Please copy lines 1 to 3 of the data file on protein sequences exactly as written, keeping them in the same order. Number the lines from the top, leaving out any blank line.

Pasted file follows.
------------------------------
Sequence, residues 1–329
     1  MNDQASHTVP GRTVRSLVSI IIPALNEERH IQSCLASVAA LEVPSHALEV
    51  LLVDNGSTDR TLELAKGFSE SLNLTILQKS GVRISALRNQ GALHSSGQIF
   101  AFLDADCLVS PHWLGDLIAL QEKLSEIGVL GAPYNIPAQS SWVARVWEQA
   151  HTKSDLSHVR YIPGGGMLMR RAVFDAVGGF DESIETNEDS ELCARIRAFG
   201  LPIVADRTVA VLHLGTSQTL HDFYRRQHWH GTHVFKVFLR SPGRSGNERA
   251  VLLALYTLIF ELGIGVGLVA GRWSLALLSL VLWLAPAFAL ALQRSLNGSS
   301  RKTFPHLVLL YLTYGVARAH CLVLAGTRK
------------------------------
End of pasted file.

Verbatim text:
Sequence, residues 1–329
     1  MNDQASHTVP GRTVRSLVSI IIPALNEERH IQSCLASVAA LEVPSHALEV
    51  LLVDNGSTDR TLELAKGFSE SLNLTILQKS GVRISALRNQ GALHSSGQIF